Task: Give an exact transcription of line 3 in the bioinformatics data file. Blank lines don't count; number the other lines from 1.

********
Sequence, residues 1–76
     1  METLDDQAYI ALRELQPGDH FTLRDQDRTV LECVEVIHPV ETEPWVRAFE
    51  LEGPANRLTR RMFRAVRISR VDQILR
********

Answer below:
    51  LEGPANRLTR RMFRAVRISR VDQILR